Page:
NEST OF VIPERS (1979)

1979 Michael Joseph. Reprinted 1981 Magna Print; 2005 Chivers Press.

All my tenants turned out to be writers of one sort or another.

"I thought you'd feel more at home with them, being a writer yourself," said Niobe. "Birds of a feather, and all that, you know."

"Birds of a feather can peck one another to death."

Chelion Piper has been arrested under suspicion of murder. One of the tenants of his country apartment house, an unsocial and secretive old lady named Miss Minnie, was found by Chelion and two other men in her bungalow, dead in her bed. Suicide or accidental death is quickly ruled out: the woman was drowned in sea water (her clothes and bed were wet), and her face was bludgeoned in. The police discover that Piper inherited the house from a relative of Miss Minnie's, and she was there to find evidence of a new will that would give her claim to the property. Motive thus provided, the police begins building the case against Chelion.

The accused man writes to Dame Beatrice, and she agrees to pay a visit to Weston Pipers on his behalf (while there, she uses the alias of "Mrs. Farintosh" to allay suspicion; see Watson's Choice). At the house, Dame B. meets Niobe, the quick-to-tears caretaker who was once engaged to Chelion, and the remaining tenants, all of whom are writers--true crime reporters, advice columnists, romance writers and spy novelists among them. The detective soon learns about a wave of sordid anonymous letters addressed to several individuals, as well as a prank that changed the printing of stationery bearing the estate's name from "Weston Pipers" to "Nest of Vipers."

The trail of Miss Minnie leads Dame Beatrice and Laura to a run-down junk shop in the village, where they find a duplicitous shop owner, a set of steel fire-irons (which may include a murder weapon), and a cryptic picture with occult origins. When the shopkeeper is found dead in his office, stabbed in the chest, an investigation of the junk shop reveals a private room containing black curtains and carpet, satanic symbols traced upon the floor, and a sacrificial altar. Dame Beatrice must now decide just how many murderers she's looking for: one, two or an entire coven.


Easily one of the best books published in the last decade of Miss Mitchell's life, Nest of Vipers is a bit of return to form, and reminds me of her solid storytelling throughout the 1950s. The book's pacing is excellent, and bizarre plot elements crop up continuously, much to the reader's delight: Why was Miss Minnie found indoors if she was drowned in sea water? Who's behind the poison pen letters? Who brought the milk bottles inside after the shopkeeper's demise? The plot, though falling prey to the occasional logic pitfalls that Miss Mitchell routinely builds into her works, is lucid and linear, and the narrative begins swiftly with Chelion's first-person account of his predicament, related to Dame Beatrice in a letter. (Miss Mitchell's narrative gambits are often very entertaining when she allows her characters to tell part of the story in their own words: see "Dan's letters to Em" in The Devil's Elbow, Noel Wells's daft narration in The Saltmarsh Murders, or Bella Foxley's diary entries in When Last I Died.) The pack of writers staying at Weston Pipers proves an intriguing mix of personalities, and perhaps best of all, Laura Gavin's presence is well-balanced against that of her employer, with Laura offering her able-bodied support but never taking over the story.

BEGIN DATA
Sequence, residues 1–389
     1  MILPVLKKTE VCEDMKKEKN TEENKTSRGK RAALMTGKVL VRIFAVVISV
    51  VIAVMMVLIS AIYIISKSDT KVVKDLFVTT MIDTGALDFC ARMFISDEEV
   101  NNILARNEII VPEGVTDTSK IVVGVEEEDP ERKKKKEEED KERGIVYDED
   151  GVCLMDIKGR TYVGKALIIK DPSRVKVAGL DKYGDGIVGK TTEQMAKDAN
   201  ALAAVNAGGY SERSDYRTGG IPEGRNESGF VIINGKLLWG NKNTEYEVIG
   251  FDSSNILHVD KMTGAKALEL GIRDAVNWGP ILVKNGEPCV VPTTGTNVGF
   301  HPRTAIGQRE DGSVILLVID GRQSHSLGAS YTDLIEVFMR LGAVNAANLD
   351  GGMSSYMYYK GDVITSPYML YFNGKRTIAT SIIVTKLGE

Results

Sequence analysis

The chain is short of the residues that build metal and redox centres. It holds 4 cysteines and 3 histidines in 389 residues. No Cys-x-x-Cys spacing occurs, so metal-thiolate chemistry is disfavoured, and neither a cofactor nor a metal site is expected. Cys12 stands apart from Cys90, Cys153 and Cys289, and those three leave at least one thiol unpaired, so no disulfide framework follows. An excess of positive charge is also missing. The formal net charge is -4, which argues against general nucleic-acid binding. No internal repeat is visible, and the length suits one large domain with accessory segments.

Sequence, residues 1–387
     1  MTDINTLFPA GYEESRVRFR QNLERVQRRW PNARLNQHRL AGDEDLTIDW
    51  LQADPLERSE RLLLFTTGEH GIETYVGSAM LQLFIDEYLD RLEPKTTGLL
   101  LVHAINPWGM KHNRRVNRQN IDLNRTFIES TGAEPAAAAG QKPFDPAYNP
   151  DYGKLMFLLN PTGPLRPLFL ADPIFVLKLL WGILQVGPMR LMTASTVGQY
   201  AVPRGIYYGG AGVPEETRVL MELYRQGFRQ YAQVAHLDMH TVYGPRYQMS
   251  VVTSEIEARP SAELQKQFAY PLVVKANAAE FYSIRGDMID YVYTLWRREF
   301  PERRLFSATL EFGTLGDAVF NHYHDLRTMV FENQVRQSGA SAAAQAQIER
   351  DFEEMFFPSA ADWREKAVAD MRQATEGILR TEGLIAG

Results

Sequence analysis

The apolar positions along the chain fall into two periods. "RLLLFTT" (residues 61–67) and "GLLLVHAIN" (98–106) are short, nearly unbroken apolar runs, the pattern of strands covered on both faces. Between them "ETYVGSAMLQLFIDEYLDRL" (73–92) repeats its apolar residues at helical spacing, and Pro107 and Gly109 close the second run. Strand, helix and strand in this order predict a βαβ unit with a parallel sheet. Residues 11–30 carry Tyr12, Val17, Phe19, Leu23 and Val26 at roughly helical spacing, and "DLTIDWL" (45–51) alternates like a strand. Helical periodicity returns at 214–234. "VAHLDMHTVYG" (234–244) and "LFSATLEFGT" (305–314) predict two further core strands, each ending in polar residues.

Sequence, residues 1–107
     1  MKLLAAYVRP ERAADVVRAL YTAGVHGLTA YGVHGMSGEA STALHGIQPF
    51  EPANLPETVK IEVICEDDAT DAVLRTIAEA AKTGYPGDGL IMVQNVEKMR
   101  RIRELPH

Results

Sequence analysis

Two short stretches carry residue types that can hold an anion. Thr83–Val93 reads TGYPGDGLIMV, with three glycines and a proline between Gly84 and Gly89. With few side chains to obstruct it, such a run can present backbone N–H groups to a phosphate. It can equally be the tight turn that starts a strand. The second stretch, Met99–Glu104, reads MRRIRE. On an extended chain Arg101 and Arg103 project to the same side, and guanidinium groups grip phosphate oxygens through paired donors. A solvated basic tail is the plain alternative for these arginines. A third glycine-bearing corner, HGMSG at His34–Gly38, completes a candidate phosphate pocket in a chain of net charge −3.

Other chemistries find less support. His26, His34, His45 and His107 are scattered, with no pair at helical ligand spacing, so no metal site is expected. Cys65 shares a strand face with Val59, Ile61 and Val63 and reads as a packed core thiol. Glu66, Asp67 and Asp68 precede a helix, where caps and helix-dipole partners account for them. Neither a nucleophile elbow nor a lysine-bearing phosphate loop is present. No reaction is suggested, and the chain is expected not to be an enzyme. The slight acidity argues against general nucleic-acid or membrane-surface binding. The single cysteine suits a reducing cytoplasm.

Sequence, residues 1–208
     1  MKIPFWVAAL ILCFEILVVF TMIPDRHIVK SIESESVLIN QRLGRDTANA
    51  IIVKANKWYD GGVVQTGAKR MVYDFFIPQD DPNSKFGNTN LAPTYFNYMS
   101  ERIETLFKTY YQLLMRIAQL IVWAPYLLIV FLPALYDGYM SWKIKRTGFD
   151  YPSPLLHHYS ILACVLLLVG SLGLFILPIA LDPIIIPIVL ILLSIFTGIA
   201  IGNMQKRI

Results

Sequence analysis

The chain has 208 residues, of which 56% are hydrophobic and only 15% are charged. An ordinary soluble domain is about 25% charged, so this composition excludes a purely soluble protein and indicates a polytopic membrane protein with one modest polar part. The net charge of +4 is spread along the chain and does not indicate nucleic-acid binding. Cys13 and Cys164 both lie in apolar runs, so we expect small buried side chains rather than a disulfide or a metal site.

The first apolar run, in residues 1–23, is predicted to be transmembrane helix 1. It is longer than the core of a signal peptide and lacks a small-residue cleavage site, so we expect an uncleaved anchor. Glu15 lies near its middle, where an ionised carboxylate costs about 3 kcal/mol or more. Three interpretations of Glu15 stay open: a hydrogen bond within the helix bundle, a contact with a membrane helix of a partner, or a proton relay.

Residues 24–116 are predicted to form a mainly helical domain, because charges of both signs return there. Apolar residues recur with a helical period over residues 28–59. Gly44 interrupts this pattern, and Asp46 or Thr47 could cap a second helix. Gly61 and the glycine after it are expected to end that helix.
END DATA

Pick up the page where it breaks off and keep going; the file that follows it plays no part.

Gladys Mitchell's glorious prose keeps this book light and lively, as when Laura asks whether she can add a suspect's name to the "list of Murderers We Have Known." Even better, and a piece of trivia to place alongside that of chauffeur George's proposed surname, is a brief scene where Dame Beatrice and Laura go to the movies (!) -- they view a film titled The Ghouls of Dead Man's Creek. Dame Beatrice quickly gets into the movie-going spirit: "At the interval I shall require a choc-ice and a bottle of some obnoxious liquid which I shall imbibe through a straw." Miss Mitchell's sense of humor--whether spirited or deadpan--provides much of the great pleasure I find when I read her books, and this humor encourages revisiting and rereading her titles as well.

I also want to mention a subject that I haven't really addressed elsewhere: specifically, the dust jacket art of Mitchell books. This title has one of the most striking cover images, in my opinion, and one that illustrates perfectly the storyline of the book: a group of thirteen people standing in a circle, looking out from the lawn of an estate, the manor house (ostensibly Weston Pipers) illuminated by the full moon behind them. The circular group also forms a collective, and even a makeshift nest; the circle's center is the brightest and lightest area of lawn, and one's eye is drawn to it. Also, the circle is echoed thematically by the occult drawn outlines found on the floor of the private altar room within the junk shop. The color scheme--muted greens and blues and grays, as can be found at a moonlit nightfall--is striking, and definitely creates an eerie atmosphere. Other eye-catching dust jacket compositions can be found on the covers for The Echoing Strangers, Adders on the Heath (rendered by Edward Gorey), The Man Who Grew Tomatoes, Death and the Maiden, My Bones Will Keep, No Winding Sheet, and the Malcolm Torrie titles Churchyard Salad and Bismarck Herrings.